Have you ever tried free writing, with or without a timer? Free writing places no restrictions on you, unless you set them. The idea is to place words on the page, whatever comes out, without judgment. This is also a mindful act, as you are doing it without judgment, being aware of the pen in action in the moment.
For some, writing with a timer loosens the words from the mind and lets the pen do its thing on the page with freedom from anxiety. The rush to get the words on paper before the timer goes off helps get you unstuck. For others, simply giving yourself permission to write anything, no matter how crappy, is the key to finally releasing the words. Let the pen lead.
5. The Muse’s Name May Be Mary Jane
When you think of Mary Jane, you think of cannabis, which is a natural association, and some do use cannabis products to be more mindful. While some people may require a medical prescription for marijuana products to help with an anxiety condition, for example, there are other cannabis products that can help with relieving stress. The Mary Jane has many helpful plant parts.
Hemp also comes from this same plant, and it is in many of the products you use every day, such as cosmetics, oil paint, plastic and even paper. A small field of hemp is more sustainable than trees used to produce paper, since hemp produces more fiber than any other kind of plant. In fact, hemp fibers have been used for centuries to make paper.
Why not use Mary Jane in a new way and buy hemp paper? Incorporate these hemp pages into a writing ritual where you sketch out your ideas first on paper before transferring them to the computer for editing. Handwriting gives you the opportunity to mindfully experience your ideas in a very physical way.
6. Find a Mindful Inspiration Trigger
Think of when you wake up in the morning. What is your cue that the day is getting started? Do the kids wake you up? Do you need a cup of coffee?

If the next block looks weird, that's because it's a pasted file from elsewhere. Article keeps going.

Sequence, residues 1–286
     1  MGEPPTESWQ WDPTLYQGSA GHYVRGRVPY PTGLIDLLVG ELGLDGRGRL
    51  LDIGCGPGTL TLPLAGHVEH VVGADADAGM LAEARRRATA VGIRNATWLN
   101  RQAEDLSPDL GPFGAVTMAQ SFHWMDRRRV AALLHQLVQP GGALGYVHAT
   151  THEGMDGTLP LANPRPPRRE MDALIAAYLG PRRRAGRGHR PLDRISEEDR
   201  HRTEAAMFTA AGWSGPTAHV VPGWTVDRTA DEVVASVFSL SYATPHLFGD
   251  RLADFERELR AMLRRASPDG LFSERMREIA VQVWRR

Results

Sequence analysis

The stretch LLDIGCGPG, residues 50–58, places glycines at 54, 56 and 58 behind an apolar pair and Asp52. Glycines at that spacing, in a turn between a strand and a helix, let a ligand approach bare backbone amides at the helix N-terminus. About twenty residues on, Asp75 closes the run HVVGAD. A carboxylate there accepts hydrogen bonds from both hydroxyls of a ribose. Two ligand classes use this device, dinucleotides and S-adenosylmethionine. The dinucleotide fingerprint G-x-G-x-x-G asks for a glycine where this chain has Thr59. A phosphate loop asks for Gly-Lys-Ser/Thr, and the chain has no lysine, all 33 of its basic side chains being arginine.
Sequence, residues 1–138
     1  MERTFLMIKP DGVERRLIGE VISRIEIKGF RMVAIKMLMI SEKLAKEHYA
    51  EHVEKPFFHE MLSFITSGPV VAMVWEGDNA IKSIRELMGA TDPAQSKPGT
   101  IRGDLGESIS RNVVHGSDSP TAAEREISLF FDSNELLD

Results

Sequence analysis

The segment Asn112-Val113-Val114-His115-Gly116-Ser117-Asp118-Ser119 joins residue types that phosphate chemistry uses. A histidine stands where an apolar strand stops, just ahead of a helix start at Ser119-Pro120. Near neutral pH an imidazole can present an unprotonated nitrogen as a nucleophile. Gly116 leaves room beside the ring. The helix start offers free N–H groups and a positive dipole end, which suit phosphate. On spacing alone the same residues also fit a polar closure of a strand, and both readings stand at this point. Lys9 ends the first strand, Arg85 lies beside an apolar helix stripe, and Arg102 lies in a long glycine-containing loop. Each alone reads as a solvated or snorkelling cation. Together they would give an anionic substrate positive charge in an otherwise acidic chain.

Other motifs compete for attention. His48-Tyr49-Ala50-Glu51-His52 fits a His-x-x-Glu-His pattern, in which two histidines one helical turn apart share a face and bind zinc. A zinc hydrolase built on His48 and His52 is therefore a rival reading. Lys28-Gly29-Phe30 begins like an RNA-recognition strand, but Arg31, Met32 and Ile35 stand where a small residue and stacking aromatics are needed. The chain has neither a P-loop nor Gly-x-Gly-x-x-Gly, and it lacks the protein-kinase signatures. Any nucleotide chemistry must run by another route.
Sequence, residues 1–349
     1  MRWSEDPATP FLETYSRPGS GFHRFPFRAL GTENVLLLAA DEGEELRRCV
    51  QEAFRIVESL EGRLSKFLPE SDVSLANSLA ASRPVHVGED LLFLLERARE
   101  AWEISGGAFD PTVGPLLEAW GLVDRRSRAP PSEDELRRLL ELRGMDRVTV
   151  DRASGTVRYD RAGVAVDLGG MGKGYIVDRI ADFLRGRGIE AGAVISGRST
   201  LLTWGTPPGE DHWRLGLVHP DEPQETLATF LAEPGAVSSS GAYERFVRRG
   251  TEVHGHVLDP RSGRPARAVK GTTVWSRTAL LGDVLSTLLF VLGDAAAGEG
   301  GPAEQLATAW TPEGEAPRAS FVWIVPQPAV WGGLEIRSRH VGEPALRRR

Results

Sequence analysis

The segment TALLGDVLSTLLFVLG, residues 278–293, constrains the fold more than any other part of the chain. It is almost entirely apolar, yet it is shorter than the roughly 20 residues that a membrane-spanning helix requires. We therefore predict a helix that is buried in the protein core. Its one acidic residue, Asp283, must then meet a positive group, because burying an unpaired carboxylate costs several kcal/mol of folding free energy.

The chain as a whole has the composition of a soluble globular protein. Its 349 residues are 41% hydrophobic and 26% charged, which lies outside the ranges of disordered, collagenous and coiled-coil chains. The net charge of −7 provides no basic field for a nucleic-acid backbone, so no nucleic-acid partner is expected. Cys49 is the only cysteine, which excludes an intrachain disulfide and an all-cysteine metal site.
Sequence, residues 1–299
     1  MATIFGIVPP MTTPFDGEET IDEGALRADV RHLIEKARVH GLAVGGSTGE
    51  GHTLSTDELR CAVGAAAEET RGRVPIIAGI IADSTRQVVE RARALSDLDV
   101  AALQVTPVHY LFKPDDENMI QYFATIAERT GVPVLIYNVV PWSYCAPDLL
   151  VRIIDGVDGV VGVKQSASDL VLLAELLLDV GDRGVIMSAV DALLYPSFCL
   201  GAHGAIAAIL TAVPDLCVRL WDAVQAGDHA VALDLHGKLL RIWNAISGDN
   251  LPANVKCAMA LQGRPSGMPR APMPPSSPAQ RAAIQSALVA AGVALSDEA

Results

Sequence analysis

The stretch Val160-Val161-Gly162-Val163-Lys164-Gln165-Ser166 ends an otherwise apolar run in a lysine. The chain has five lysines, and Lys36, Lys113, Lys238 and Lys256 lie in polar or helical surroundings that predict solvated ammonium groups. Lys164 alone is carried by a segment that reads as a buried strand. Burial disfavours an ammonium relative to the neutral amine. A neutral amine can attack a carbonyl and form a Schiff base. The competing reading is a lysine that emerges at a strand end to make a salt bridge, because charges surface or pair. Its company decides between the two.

Similarly, a mindful inspiration trigger can get you into the writing groove. Brew a pot of coffee and let the smell of the grind be your cue to start writing. Light incense. Practice mindful breathing, or organize your work area. Find your trigger, and let mindfulness lead the way back to focus.
7. Go Somewhere Unknown to You
Sometimes the world becomes too routine, as does your process. So go somewhere completely unknown to you, and let the environment stimulate your senses. Find a detail to focus on. Imagine a character in this setting and how they would react.
The details that appear first to you may not be observed right away by your character. Imagine you are in the shoes of your character. What do you notice as them? Write it down.
When the muse eludes you, mindfulness becomes a powerful tool to reclaim your focus in writing and other areas of life. It’s as simple as breathing. Sometimes, you just need to change up the routine by changing the environment or noticing a new detail.
It’s difficult to sit within your body without judgment of its thoughts, feelings and functions, but you are your own worst critic. Mindfulness is a helpful tool for getting past your inner editor to get words down on the page. Now, go write!
About Jennifer Landis
Jennifer Landis is a mom, wife, and healthy living blogger at Mindfulness Mama. She loves yoga, distance running, peanut butter, and spending the small amount of free time she has watching Netflix with her husband.
**Look out for Jennifer’s next column on 5th June**